Once you get past all the shattered ribcages and melted faces, the Alien series has always held a hard kernel of anti-capitalist critique. Note that the ominous space-age conglomerate Weyland-Yutani, usually referred to simply as “The Company”, serves as the series’ gravitational center—every Alien film chronicles the Company’s attempts to employ the titular xenomorph as a biological weapon, no matter what the cost. In classic sci-fi tradition, the Alien films use spaceborne phantasmagoria to shed light on the human condition, by underscoring our potential for inhumanity in the pursuit of profit and power.
This critique reached a fever pitch in the pages of Dark Horse’s Aliens series, a three-part, in-and-out-of-continuity saga designed as a follow-up to Aliens, neatly compiled here in Volume 1 of the Aliens Omnibus. The series consists of three extended, interconnected stories by writer Mark Verheiden (“Outbreak”, “Nightmare Asylum”, and “Female War”), each drawn by a different artist. The 1992 release of David Fincher’s embattled Alien3 invalidated these stories by unceremoniously dispatching with the tough-but-sweet Corporal Hicks and little-girl-lost Newt, stranding a smooth, hairless Ripley on a dismal penal colony full of twitchy psychopaths and Cockney rapists.
Aliens Omnibus: Volume 1
(Dark Horse Comics)
But Verheiden’s saga proceeds differently: we meet Hicks and Newt (renamed “Wilks” and “Billie”, in a sometimes-confusing legal flourish) years after their narrow escape from LV-426 (renamed “Rim”) and the close encounter that irreparably damaged both of their lives. Wilks has become a drunken wreck, his torment written on his face in the jagged contours of acid burns, while Billie has spent her entire post-xenomorphic life wasting away in a mental institution. The series begins with Wilks staging a daring jailbreak in order to take Billie along on a deep-space vacation to the alien homeworld, stumbling into an ambush by a company called Bionational seeking to secure alien specimens (Weyland-Yutani sits this one out). But Wilks and Billie have another agenda: wiping out the dread space creatures once and for all.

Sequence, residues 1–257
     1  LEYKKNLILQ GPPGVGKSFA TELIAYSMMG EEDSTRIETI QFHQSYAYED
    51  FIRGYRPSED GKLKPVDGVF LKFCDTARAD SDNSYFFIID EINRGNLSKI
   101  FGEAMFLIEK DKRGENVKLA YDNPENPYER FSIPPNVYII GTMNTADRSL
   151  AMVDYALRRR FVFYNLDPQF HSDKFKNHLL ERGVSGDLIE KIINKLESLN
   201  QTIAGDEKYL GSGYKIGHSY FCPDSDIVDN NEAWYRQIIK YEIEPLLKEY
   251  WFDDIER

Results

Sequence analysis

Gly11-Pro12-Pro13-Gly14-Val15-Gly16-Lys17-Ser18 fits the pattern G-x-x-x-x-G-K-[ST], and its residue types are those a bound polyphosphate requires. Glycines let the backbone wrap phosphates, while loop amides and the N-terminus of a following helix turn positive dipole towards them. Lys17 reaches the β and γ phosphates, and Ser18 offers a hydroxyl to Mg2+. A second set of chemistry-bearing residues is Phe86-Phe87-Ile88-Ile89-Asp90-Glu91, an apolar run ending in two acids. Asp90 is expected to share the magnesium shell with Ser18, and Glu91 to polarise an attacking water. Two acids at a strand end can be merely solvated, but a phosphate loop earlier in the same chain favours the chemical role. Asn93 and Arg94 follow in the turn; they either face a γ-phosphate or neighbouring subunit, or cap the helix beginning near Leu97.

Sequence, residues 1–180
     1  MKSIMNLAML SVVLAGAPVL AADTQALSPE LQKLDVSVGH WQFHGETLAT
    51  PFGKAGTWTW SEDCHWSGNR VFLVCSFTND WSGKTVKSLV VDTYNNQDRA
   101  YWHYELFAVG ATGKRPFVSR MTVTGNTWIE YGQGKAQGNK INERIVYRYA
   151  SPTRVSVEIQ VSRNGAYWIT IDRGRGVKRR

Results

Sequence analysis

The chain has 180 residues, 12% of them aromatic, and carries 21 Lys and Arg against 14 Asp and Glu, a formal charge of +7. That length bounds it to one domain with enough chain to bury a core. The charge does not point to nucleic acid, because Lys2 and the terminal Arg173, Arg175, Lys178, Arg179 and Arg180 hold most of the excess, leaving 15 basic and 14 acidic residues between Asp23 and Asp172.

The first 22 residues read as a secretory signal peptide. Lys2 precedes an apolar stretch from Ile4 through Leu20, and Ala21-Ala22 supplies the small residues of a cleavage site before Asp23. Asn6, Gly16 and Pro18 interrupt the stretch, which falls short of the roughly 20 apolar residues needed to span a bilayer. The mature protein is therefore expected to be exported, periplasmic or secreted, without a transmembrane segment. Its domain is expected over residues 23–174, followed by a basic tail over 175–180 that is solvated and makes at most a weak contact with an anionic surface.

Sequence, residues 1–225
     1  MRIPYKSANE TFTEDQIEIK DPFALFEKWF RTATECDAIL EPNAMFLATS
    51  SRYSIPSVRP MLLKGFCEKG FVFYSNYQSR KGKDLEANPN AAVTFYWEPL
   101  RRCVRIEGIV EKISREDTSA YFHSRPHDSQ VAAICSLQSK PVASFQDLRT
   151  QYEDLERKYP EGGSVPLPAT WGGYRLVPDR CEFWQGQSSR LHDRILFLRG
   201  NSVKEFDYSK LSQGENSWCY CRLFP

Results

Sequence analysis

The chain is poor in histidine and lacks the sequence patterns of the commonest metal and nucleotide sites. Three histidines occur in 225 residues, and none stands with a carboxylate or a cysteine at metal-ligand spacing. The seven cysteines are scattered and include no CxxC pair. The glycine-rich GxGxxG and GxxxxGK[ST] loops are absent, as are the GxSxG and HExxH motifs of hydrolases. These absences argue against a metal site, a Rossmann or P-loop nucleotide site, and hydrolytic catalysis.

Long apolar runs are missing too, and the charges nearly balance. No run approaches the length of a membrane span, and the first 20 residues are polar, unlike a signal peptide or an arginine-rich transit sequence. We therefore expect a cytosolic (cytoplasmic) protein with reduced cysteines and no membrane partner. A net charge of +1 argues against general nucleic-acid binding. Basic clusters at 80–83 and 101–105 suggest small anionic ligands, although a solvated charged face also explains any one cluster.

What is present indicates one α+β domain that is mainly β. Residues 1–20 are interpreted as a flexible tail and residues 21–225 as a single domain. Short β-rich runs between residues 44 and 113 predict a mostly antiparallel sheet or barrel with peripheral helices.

Content-wise, “Outbreak” is the strongest of the story’s three parts, as well as the longest and most complex. While Mark A. Nelson’s art is fairly typical for the time period, Verheiden riffs energetically on the steely and unforgiving Alien universe, populating his dystopia with the kind of amoral schmucks that have always been the series’ real villains. (As Lt. Ellen Ripley once noted of the aliens: “You don’t see them fucking each other over for a goddamn percentage.”) At one point in the story, when a ruthless corporate mercenary’s wife and child stumble onto some top-secret information and he slaughters them to cover it up, one of his bosses at Bionational muses: “I wonder how it feels—being a sociopath, I mean. I would imagine it’s quite liberating.”
Verheiden even works in a subplot about a creepy televangelist who sees something sacred in the aliens—and raises a cult of suicidal, alien-worshipping followers who venerate the “Immaculate Incubation.” (One scene, where an overly curious video technician is tortured until he falsely confesses to being part of the cult’s conspiracy, feels uncomfortably relevant today.) Verheiden draws a parallel between the Bionational scientists and the cultists, both of which develop a fetishistic obsession with the xenomorphs (a theme reiterated by Alien: Resurrection). And inevitably, Bionational’s practice of keeping live alien specimens—including a captured queen—and the cult’s belief in self-sacrifice collide, with predictably cataclysmic results.
The numerous, overlapping narrative threads of “Outbreak”—plus its postmodern deployment of fictional corporate memos and psychiatric reports—makes the second and third parts of the story seem a bit one-dimensional. “Outbreak” is a spirited, shaggy-dog trip through the Alienverse, and the two-fisted action and suspense in “Nightmare Asylum” and “Female War” feel a bit flat in comparison. But the latter stories still satisfy, and “Nightmare Asylum” scores points for Den Beauvais’ outstanding artwork, which boasts a level of polish, style, and mood that outstrips anything else in the volume. (Sandman artist Sam Kieth’s work on “Female War”, while far from ugly, has not aged quite so well).
While this tome might be a bit much for the casual fan, Alien devotees will find much to like about the Aliens Omnibus, and the series’ anti-corporate brio still resonates. Released all the way back in 1986, Aliens fired a gob of spit at the Reaganite consensus, countering the promise of “Morning in America” with a nightmarish vision of capitalism run amok in a cold and hostile universe. And Dark Horse’s Aliens comic series followed suit by blasting Clintonian complacency, reminding readers that corporate chicanery and murderous fanaticism hadn’t gone away—a message that sounds more urgent today than ever.
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